Police Stop People At Border And Wind Up Saving Most Trafficked Mammal In The World

The pangolins were all curled up and terrified.

Credit: Save Vietnam’s Wildlife

If it weren’t for state and country borders, many of the illegal activities that occur around the world would go unchecked and unmonitored. Though criminals, immigrants, and frequent travelers may hate the borders, they are often helpful in curbing horrible behavior and events, which is what happened at the border between Laos and Vietnam recently.

Police stopped a suspicious group of people and searched their vehicle, finding something they were not expecting and saving seventy lives in the process. In the vehicle were 70 pangolins, the world’s most illegally trafficked mammal, who were in bad shape and in need of care.

Credit: Rainforest Rescue

Pangolins are extremely docile animals that are mostly found, hunted, and sometimes eaten in Africa and Asia. They curl up when they are threatened, which is how they were found during their rescue, and are solitary animals except during mating season. The illegal trade is very difficult on them because they aren’t used to being so close to other pangolins for so long, are mishandled and injured, and are force-fed. Since they’re sold for their meat,?they can be sold for more money if they are fatter, and they are also trafficked because some believe that their keratin scales have medicinal properties.?It’s estimated that over one million pangolins have been trafficked in the past decade, which makes it the most trafficked mammal.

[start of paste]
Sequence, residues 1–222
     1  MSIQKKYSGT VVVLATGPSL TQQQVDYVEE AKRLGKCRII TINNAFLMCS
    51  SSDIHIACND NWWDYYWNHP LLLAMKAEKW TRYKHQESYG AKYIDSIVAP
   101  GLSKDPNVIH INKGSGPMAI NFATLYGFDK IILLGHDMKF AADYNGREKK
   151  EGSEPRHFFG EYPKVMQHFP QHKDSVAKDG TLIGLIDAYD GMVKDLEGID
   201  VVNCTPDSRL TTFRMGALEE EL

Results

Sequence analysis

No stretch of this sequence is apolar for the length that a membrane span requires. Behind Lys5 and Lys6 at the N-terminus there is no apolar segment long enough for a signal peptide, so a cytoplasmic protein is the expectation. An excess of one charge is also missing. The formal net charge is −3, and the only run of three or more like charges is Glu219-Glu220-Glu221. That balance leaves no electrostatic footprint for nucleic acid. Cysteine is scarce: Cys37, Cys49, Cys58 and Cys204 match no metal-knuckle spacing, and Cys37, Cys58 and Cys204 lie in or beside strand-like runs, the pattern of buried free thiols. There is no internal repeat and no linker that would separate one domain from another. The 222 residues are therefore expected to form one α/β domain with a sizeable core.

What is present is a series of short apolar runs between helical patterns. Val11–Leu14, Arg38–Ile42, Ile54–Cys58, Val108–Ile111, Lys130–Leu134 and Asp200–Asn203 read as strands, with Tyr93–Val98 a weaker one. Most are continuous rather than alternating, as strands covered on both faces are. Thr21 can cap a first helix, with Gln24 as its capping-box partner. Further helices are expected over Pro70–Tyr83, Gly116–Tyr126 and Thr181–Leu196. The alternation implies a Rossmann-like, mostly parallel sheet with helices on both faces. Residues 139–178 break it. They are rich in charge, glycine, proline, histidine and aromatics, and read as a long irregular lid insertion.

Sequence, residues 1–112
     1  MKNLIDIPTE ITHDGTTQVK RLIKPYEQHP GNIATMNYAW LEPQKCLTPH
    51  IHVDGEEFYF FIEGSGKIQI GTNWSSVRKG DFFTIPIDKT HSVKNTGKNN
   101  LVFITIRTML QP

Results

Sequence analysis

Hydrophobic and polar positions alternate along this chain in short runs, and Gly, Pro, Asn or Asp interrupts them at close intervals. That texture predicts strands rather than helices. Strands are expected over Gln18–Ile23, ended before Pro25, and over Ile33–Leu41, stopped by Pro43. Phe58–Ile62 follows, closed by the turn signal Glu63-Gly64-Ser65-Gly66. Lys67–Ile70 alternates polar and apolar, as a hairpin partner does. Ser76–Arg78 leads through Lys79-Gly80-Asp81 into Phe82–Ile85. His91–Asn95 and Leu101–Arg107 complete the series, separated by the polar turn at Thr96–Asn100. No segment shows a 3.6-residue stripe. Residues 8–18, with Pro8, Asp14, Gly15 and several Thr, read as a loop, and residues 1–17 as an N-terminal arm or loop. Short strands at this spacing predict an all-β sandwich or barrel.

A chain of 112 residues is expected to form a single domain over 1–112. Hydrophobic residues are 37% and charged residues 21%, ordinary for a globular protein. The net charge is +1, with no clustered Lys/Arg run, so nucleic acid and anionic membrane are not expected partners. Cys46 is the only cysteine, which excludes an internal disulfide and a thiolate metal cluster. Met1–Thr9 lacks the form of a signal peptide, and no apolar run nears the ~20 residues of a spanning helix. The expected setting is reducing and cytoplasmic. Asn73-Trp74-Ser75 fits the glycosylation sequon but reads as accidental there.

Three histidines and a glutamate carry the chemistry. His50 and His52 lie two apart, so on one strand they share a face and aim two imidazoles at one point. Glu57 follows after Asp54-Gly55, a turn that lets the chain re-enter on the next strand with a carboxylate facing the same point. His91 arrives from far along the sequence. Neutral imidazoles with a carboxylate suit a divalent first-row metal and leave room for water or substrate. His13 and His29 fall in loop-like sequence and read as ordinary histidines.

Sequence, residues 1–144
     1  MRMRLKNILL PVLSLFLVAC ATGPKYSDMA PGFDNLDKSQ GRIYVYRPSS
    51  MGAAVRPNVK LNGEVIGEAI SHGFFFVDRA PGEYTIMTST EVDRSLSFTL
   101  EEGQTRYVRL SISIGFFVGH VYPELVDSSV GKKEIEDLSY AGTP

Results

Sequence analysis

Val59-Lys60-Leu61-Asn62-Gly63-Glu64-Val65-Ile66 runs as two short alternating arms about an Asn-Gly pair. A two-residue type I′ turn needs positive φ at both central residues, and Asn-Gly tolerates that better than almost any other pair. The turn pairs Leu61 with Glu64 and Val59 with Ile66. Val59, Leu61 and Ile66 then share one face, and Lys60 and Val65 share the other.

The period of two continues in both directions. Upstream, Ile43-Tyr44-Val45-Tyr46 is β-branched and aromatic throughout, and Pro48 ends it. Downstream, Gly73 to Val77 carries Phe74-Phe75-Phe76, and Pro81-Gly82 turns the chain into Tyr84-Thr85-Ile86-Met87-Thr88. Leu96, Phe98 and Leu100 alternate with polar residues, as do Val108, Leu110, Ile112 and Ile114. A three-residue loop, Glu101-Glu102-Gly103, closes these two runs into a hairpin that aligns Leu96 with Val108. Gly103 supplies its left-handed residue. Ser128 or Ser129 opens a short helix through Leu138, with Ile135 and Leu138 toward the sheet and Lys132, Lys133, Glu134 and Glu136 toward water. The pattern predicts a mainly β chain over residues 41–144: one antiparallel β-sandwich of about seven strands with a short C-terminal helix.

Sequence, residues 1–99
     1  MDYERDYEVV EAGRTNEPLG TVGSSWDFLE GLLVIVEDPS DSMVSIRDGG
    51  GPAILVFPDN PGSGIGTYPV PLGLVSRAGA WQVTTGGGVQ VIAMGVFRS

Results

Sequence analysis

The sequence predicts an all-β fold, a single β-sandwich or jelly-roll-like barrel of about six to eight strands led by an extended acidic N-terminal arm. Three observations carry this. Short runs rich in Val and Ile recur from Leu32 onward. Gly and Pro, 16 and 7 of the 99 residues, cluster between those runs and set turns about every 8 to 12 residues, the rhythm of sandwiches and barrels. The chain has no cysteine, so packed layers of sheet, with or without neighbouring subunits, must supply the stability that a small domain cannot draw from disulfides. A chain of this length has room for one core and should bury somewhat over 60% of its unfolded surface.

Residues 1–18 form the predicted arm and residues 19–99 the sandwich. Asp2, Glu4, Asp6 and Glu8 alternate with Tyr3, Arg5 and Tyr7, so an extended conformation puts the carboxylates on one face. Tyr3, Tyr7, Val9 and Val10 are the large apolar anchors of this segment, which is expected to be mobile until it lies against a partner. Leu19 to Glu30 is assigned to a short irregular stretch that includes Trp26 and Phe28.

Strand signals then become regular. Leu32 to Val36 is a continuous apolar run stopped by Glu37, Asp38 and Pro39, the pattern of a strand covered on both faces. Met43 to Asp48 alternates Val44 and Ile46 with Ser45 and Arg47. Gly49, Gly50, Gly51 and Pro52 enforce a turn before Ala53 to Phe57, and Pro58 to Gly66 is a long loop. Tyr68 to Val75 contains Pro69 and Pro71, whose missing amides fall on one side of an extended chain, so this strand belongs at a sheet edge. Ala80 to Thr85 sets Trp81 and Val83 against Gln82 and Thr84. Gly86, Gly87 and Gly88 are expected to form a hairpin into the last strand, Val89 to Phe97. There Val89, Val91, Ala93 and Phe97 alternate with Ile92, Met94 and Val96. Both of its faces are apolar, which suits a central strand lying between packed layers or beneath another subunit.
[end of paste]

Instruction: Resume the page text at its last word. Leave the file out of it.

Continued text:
Credit: Save Vietnam’s Wildlife

After the terrified animals were discovered, they were rescued by Save Vietnam’s Wildlife, who works to create “environmental harmony between people and nature.” They took in all of the pangolins, which brought their numbers up to 130 and forced them to place several in each cage together. These solitary animals are already stressed by their situation and will not recover properly if they’re not able to have their own space.

Credit: Save Vietnam’s Wildlife

The pangolins?were weak when they entered the facility, but they’re slowly recovering. One animal already died from their injuries and some of them have lost claws and limbs because of the traps used to catch them.

Rescuers aren’t giving up on these helpless creatures who became victims of cruel human desires and are asking that anyone interested in helping out the organization to please donate here.?Every five minutes, a pangolin is caught in the wild in Africa or Asia in order to sell or eat them. They sustain horrible injuries, are forced into a small bag, and transported hundreds of miles in boxes with other pangolins.

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